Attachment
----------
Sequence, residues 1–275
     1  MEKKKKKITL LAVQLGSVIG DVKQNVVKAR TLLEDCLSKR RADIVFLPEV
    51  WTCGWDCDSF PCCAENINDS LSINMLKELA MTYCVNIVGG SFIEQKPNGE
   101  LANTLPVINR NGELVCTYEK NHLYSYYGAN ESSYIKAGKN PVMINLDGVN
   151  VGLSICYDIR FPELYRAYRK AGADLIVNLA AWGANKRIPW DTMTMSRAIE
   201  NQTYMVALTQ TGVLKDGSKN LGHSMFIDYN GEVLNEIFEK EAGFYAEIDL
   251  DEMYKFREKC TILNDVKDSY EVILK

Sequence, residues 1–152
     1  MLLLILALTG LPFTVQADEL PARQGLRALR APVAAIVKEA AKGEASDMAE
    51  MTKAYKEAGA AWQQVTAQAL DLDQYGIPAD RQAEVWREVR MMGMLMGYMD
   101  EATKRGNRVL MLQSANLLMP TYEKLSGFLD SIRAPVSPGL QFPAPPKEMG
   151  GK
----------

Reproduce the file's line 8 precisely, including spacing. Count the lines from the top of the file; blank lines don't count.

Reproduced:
Sequence, residues 1–152